Editor: This week marks Jeff Smith’s last as the Reader’s theater critic. Smith is the longest-standing writer at the paper, having started in 1980. Before joining us, he got his Ph.D. in literature and critical theory from UC Irvine where he wrote his doctoral dissertation on Shakespeare. We want to thank him for the dedication and steadiness he brought to our pages.
An almost wordless scene in Diana: A New Musical tells the story in miniature. Diana and Prince Charles have been married a short while. The former assistant kindergarten teacher already feels invisible walls closing around her, walls pushed by tradition and the paparazzi, each with boundary issues. Since she’s now Princess of Wales, Charles decides its time she met her subjects. They go by train.
As they enter the station, spectators press together behind a railing. Charles moves briskly down the aisle, nodding regally. Diana stops at the first person in line, a black woman. They shake hands and start talking. Diana’s lips stop moving. She tilts her head forward to hear better. She asks another question. Charles reaches the end and she’s still talking to the first woman. His stone face cracks, as if to say, “she’s NOCD” (“not our class, dear”). It’s not about them! Diana steps to the next person, tilts her head and listens. Huffy Charles finally intervenes.
With silent eloquence, the famous clash between Windsor royalty and Diana’s urge to break from it appears for all to see. The rest of the musical’s two-and-a-half hours are loud, often bombastic, and devoid of nuance.
What might one expect from a musical about the “English Rose,” as beloved as Evita and as vilified? She was far from perfect (the musical mentions issues with depression, bulimia, and attempted suicide, in passing). And except for the famous scene where she takes off her gloves and shakes hands with a man with HIV-AIDS, Diana collapses her glowing deeds — walking through a minefield, for one — into a single sentence. Instead of a halo, or pop-psychobabble, this Diana is two-fisted tough and uncompromising. She’s the opposite of vulnerable, and dares to speak truth full bore. Joe DiPietro (book and lyrics) and David Bryan (music and lyrics) are from New Jersey. In act two, their Lady Di’s practically a Jersey Girl.
You could call Diana a cautionary tale: be careful what you wish for. Teenaged Diana reads only the romance novels of Barbara Cartland (Diana’s step-grandmother), filled with florid prose, chaste heroines and dashing princes, and loves that transcend time. When she’s 19, Diana meets Prince Charles of Wales. After only 13 dates, they tie the knot in 1981 — she’s barely 20, he’s 33 — and divorce in 1996. In effect, she kissed the wrong frog.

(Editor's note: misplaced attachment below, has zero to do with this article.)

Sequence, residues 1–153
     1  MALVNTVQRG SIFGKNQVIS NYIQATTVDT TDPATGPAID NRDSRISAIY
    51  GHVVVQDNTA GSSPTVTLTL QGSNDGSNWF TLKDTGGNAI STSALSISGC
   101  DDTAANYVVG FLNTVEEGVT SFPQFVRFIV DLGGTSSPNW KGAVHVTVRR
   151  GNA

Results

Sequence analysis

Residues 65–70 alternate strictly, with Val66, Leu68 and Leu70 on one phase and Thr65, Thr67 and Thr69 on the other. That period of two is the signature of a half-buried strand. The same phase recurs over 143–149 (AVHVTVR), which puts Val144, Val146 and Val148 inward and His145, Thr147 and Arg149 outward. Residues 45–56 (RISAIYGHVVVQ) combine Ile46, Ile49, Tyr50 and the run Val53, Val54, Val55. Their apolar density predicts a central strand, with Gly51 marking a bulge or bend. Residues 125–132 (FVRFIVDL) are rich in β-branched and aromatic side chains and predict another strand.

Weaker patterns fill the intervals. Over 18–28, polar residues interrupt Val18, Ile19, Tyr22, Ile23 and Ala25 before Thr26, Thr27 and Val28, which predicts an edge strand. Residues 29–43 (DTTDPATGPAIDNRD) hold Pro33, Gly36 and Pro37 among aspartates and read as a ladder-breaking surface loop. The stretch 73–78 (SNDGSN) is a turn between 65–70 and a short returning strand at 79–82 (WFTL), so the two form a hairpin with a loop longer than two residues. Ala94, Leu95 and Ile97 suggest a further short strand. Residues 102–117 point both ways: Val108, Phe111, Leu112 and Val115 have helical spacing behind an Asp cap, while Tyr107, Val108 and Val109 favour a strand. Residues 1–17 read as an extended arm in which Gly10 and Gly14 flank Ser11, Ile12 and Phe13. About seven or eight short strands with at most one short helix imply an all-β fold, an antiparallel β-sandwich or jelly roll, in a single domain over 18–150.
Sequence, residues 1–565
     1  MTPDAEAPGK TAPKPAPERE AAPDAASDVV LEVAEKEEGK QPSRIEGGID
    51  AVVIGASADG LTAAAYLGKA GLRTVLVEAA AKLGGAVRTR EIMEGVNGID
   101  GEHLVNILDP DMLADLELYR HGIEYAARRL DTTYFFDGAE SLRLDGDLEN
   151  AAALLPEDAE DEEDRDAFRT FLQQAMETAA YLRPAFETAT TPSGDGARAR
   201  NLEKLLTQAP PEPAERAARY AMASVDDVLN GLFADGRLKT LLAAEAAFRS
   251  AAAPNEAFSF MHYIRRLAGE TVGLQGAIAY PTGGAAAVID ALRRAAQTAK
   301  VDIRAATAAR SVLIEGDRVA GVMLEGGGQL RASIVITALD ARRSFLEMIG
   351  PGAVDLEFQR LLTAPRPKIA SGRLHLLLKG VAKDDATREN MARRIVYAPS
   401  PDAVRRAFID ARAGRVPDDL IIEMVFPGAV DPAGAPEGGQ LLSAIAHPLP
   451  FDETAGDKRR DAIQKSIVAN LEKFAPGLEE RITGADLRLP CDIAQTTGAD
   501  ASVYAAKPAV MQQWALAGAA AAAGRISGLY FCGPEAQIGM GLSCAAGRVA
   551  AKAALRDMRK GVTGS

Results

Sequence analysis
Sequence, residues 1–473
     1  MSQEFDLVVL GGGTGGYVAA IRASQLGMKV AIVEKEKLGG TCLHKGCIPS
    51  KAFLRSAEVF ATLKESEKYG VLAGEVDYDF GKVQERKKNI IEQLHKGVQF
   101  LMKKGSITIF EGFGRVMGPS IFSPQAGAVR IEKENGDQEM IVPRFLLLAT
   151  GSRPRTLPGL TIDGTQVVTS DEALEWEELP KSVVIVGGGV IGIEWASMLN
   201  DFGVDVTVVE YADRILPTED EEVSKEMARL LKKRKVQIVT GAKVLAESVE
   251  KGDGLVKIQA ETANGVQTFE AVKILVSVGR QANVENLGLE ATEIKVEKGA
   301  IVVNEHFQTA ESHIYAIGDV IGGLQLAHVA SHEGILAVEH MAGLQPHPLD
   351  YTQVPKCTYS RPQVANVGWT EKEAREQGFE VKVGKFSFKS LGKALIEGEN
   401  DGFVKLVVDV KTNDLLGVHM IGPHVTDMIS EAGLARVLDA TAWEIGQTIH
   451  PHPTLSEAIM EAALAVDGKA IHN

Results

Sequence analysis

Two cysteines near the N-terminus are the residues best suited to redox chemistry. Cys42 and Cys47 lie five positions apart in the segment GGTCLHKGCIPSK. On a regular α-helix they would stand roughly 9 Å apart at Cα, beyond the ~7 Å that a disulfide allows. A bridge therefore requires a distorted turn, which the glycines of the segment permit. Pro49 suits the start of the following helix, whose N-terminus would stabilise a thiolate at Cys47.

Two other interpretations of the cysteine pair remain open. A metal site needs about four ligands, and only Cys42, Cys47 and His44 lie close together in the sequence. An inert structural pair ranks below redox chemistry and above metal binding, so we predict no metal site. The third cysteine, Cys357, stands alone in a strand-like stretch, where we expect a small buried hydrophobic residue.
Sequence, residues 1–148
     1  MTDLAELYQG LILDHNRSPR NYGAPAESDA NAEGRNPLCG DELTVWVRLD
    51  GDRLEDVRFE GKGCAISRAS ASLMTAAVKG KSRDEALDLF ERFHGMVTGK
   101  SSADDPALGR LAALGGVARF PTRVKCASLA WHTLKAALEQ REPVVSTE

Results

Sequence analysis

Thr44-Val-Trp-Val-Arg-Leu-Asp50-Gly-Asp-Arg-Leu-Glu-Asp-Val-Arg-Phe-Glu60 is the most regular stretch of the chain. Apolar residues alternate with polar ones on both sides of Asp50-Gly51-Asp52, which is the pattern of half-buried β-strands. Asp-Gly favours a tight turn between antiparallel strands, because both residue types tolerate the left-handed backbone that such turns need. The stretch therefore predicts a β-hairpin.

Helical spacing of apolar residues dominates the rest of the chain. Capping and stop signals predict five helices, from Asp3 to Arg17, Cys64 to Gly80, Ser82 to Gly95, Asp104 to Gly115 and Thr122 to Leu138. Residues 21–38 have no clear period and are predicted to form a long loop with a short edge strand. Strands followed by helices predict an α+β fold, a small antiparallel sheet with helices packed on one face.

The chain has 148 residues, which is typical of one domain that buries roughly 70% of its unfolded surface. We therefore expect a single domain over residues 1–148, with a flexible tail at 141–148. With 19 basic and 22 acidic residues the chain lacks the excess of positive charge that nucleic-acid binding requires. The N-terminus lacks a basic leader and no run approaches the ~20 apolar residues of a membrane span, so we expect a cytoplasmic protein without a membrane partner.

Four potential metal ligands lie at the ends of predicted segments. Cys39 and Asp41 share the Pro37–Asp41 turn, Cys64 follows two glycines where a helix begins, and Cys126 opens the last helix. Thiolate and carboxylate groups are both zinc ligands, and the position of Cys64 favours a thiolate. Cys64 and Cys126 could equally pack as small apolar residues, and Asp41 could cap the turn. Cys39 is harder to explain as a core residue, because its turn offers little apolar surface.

Before they meet, Charles has a lover, Camilla Parker Bowles. Protocol won’t allow them to wed: she’s married to the Duke of Cornwall (a divorced woman’s unthinkable), she’s not aristocratic enough, and, his parents insist, he must marry a virgin.
The tale of the royal couple attracts almost as much disinformation as JFK. The rumor mill has alleged for decades that neither wanted the marriage. She supposedly called it the “worst day of my life.” In one scene, the Queen sings to Charles “Whatever Love Means Anyway”: “Love evolves and bends/And men take other friends.” Charles agrees to the marriage not knowing “whatever love means.”
Diana suggests that the media was the real impetus for the royal wedding. An early number, “Snap, Click,” shows why. The paparazzi hound Diana more and more. As flashbulbs assault her, she flickers, like a silent movie. Then the black rear wall pocks her with a glaring strobe effect.
The musical has a similar effect. Swift scenes snap and click. It’s a fill-in-the-blanks approach, like speed reading a tabloid, accompanied by a raft of hard-sell, imitation pop/rock 80s tunes. The book avoids the saintly and the salubrious. According to a note, it doesn’t assign blame. Di, Charles, the Queen, and Camilla receive democratic treatment. This is noble: Charles has thwarted feelings; Camilla too (the paparazzi mobbed her after a scandal). But the even-handed approach flattens the polarizing story into an ensemble piece.
It also verges on cartooning. Broadway stalwart Judy Kaye’s Barbara Cartland, ablaze in florid pinks, is an over-the-top gadfly. Instead of pursed-lips and rectitude, her Elizabeth II’s a broad shouldered toughie given to infelicitous expressions. These and other cartoonings suggest self-parody.
The show has positives: the voices are rockets. Kaye, Roe Hartramph (an icy Charles, intelligent but socially inept), Erin Davie (Camilla Parker Bowles, more irritant than human), and Jeanna de Waal (Diana, who grows from fragile innocence to rock superstar) have impressive ranges and belt every note above the ledger lines. No slouches in the supporting cast, either.
William Ivey Long’s costumes are as stunning as David Zinn’s set — the drab gate to Buckingham Palace — is mundane. In one scene, Di makes quicker and quicker changes. The finale defies the laws of physics.
In one of the best constructed numbers, Charles wants to give Di some culture. So he has her hear Russian cellist Mstislav Rostropovich. She’d much rather hear Duran Duran or Mark Knopfler and Dire Straits. Buoyed by Kelly Devine’s kaleidoscopic choreography, the number gives both the classical and the contemporary. It’s a highlight in a show determined to turn every scene into one.